The search for Mona Lisa unearths tomb and staircase


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Archaeologists digging for the remains of a 16th-century woman believed to be the model for Leonardo’s Mona Lisa masterpiece have found a crypt and a stairway to a probably second tomb inside a former medieval convent in central Florence. 

“What we found today confirms the precise corroboration between the historical documents and the preliminary results that emerged from geo-radar soundings,” said Stefania Romano, a spokeswoman for the group behind the excavation at the former convent of Saint Orsula. 

The team of historians plan to use geo-radar equipment to locate the skull of Lisa Gherardini Del Giocondo, who died in Florence in 1542 and is believed to have modeled for Leonardo’s celebrated portrait, now hanging in the Louvre. 

Once they locate the skull, the team will try and recreate a likeness of what the woman would have looked like, compare her to Leonardo’s world-famous portrait and unlock the centuries-old mystery surrounding the Mona Lisa’s identity. 

The historians will compare the DNA with that of two her children buried in Florence’s Santissima Annunziata church to prove her identity, although some experts says Leonardo’s final portrait may be a composite of other faces. 

The Mona Lisa has exceptionally large hands and some art historians believe the sitter was a man – Gian Giacomo Caprotti, apprentice to and alleged lover of the maestro. Many have wondered if a secret lies behind the model’s famously cryptic smile.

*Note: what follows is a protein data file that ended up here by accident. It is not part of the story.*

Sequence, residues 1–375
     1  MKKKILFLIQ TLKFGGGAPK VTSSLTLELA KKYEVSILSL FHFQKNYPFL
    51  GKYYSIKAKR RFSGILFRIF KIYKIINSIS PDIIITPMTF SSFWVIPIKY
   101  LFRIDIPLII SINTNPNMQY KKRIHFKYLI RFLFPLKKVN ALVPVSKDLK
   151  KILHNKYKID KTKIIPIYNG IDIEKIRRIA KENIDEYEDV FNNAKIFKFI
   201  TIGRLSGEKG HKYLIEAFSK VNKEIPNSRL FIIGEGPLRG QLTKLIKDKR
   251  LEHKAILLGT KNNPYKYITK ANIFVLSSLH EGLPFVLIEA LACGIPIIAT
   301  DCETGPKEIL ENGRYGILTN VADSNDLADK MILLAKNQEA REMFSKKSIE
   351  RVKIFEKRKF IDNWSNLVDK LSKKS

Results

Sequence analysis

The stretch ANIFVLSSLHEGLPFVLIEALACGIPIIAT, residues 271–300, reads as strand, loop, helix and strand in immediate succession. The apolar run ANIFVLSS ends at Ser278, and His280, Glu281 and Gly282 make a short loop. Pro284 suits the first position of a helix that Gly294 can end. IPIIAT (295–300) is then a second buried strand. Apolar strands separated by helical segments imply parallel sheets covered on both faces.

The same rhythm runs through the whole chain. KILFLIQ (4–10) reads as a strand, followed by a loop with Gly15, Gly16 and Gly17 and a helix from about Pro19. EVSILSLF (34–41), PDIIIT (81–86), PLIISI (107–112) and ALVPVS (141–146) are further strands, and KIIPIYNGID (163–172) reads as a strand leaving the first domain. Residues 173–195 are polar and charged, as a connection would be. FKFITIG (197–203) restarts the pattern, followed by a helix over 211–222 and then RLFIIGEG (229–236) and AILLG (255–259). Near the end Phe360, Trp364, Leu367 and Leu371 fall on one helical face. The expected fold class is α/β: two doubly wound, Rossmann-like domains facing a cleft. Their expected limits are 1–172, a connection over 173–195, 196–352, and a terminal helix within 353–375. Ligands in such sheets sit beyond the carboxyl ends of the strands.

But most modern scholars now agree the Mona Lisa sitter was Del Giocondo, the wife of a rich Florentine silk merchant who according to Leonardo sleuth Giuseppe Pallanti became a nun after her husband’s death and died in the convent on July 15, 1542, aged 63. 

The dig began on Wednesday in the hallways of the convent and Roman said the team’s radar had shown there could be burials there dating back to Gherardini’s time as little as two metres below the surface of what was formerly a cloister. 

“In the next few days we will enter the most critical phase of the research, when the tombs are opened and we find if there are human remains inside or not,” said Romano. 

If found, Mona Lisa’s body will be examined by archaeologists, art historians, anatomic pathologists, anthropologists and biologists, and the tomb and investigation finding with go on public display, according to Romano. 

The excavation has sparked controversy, however, with a local princess who claims to be related to Del Giocondo calling it “sacrilegious” and saying the remains should be left in peace. 

Source: ADN Kronos International [May 12, 2011]



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